Tests, Temptations and Triumphs; my 11 months NYSC Journey – Part I

” Finally I’m releasing my NYSC memoirs. The writer in me has refused to allow the Oyo experience to go untold. Everyday I try to put it aside, the story keeps nudging me until I decided to take out time to put pen to paper. I must confess it’s not the best story that has been told as I’ve had to write this in between work, sleep and meals, just to ensure that I cover enough ground in good time. Well, for whoever reads, I hope you find my story compelling enough to want to finish it. I’ve released it in parts, to avoid boring anyone with an overly long story.”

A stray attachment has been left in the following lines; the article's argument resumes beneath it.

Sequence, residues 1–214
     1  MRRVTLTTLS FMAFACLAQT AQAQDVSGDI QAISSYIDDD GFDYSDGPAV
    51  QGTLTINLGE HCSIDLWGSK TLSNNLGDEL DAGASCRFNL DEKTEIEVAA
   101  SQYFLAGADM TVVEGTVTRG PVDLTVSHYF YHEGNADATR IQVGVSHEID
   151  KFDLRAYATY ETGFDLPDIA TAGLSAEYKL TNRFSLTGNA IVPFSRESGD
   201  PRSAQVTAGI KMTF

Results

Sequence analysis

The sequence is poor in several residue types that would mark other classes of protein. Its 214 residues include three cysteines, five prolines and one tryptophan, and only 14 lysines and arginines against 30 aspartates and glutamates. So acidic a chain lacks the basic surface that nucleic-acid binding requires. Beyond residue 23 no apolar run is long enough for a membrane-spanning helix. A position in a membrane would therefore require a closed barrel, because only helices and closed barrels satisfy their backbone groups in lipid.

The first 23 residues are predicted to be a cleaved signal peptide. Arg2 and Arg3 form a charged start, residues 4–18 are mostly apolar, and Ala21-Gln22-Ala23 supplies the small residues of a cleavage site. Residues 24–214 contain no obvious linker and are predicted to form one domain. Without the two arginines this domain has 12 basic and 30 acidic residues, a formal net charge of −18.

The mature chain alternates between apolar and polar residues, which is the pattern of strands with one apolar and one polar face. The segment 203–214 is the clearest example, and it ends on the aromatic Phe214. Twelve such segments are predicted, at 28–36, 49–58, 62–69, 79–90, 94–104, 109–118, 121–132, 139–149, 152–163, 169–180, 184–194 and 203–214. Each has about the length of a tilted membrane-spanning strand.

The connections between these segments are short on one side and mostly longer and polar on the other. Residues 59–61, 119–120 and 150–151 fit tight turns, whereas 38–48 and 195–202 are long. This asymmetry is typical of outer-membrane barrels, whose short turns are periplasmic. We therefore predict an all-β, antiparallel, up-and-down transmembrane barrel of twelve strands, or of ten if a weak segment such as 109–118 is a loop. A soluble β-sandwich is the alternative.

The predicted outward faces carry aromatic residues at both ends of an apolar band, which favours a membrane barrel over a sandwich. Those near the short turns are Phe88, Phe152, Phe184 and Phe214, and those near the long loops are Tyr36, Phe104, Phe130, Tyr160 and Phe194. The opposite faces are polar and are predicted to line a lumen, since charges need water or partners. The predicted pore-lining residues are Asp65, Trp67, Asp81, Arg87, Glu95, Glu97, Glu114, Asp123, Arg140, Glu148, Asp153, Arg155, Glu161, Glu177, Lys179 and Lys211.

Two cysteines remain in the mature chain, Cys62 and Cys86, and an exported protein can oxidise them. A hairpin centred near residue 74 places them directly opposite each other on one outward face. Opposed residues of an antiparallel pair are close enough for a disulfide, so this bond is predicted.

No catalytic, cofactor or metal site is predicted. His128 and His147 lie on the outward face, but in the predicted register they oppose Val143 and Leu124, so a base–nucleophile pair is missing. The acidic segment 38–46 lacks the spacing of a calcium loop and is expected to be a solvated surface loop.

I cannot remember clearly how I felt when news filtered in that I had finally been mobilised for NYSC, but I know there wasn’t any excitement that some other people may have felt. I felt relieved that finally I would be able to get done with it. I had missed two (2) previous service batches and was perhaps on the verge of missing this batch but for some frantic calls and eventual turn of circumstances. Immediately I got the news, I communicated with a few friends I still had at the OAU campus and pronto! My call-up no was delivered to me via SMS and BBM. *Runsing* started in earnest as I began pressing every button available at my disposal and in a few days, I was made to understand that Lagos was perhaps out of the equation and I should instead pick a nearby state. While all this was going on, I still lived the life I had become used to for a period of about 1 year; working as an intern in a consulting firm in Lagos. When the reality dawned that Lagos would be impossible, I saw my well-planned service dreams pulled to shreds. Now I was left with choosing any other state in the south west and Oyo was my pick- It was the closest to Lagos I knew, since Ogun is my state of origin.A few weeks down the line, posting letters were released and I headed back to my Alma mater to complete necessary documentations and receive my letter. While many people were nervously anticipating their states of posting, I remained calm, perhaps because I felt I had a “sure” leg ( so much for trusting in man) and when the list was finally released, I was not surprised when “OY” was written beside my details. Documentation done, posting letter collected, I headed back to Lagos for some last minute shopping and preparation for the 3 weeks orientation camp at Iseyin. My journey to the Iseyin orientation camp started a few days earlier than required. I travelled to Ibadan, to stay over with a friend from my OAU days who happened to be posted to the same camp and was driving down. After the gists, catch-up and all we had to, we eventually retired to bed, although not without watching Spain trounce Italy at the European finals. On Monday 2nd July 2012, the journey to national service began as we left Ibadan as early as 6am, in a bid to avoid the unfavorable treatment that late-comers to camp are usually subjected to on arrival. After over 3hours on the road, we finally arrived at the Oluwole Iseyin NYSC Orientation Camp. Quickly we settled in to the registration rituals and the culture shock of unfriendly treatment that the soldiers subjected us to ( Hey! Carry your box on your head, no walking, keep moving). In about 45mins, I was done with registration and before 10am, I had been assigned a code no (114), a mattress and a bed-space in an overcrowded room. Barely had I settled in the room, when the soldiers had come calling, and this time it was for us to strip off our mufties into the all-white wears required of corpers and hurry down to the parade ground *are you kidding me? But I barely just got here!* I hurriedly changed my clothes in compliance and pronto, I was on the parade ground (among the first 100 corpers to arrive the parade ground).The first few days in camp passed by quickly and we were sworn-in with the usual 3 hearty cheers and many speeches. The remaining few days of camp were a combination of fun, stress, frustration, and anxiety. The stress came during the early morning exercises and parades, while fun happened in the evenings, when we all had times to get together and mammy revellers blow hard-earned money on drinks. Frustrations came with the many meaningless lectures we were subjected to, the bulk of which were marketing opportunities for business owners that thronged the camp (from project managers, to so-called recruitment consultants and perhaps fish farming experts). As we neared final exit from camp, I was excited to leave though quite apprehensive about where I would be posted to as I had refused to meet up with people that would help me ensure posting to ibadan. In camp I did almost everything – football trainings, kitchen duties, inter-platoon debate (where I came first in the preliminaries) and the ultimate of all, was joining the platoon dance troupe. Reflecting on the last 3.5 weeks I had spent, I could say that camping was not a bad idea afterall. Last day of camp came earlier than we thought and we all woke up as early as 2am in order to quickly finish up parking and return our mattresses (this perhaps reminded me of holiday packings in Ijankin). It was 3 hours after returning our mattresses and getting dressed that we realised that we had perhaps done things too early, as we were all set as early as 5am, but the representative of the state Governor did not arrive until about 1pm. After waiting for over 4 hours, the deputy governor finally arrived to the chagrin of corpers. Parade done, displays done, speeches done, we all hurried to pick up our posting letters. The point of collecting posting letters was indeed a drama scene to behold, as you could see different displays of emotion, some people cried for being posted to bushes, others because they were going to part with their camp loves and friends. Some other people were filled with joy, perhaps because they were posted to their desired areas (in most cases, the state capital – Ibadan). Unlike the confidence and calm that I displayed before call-up, I was a little nervous this time around as I waited to see where I would be posted to. My wait was not going to be for long as I finally got my letter and the reality struck: Community-Oyo, PPA-Ladigbolu Senior Grammar School, Oyo. That was it, I was not considered good enough to be posted to the capital rather the ancient town of Oyo was to be my new home.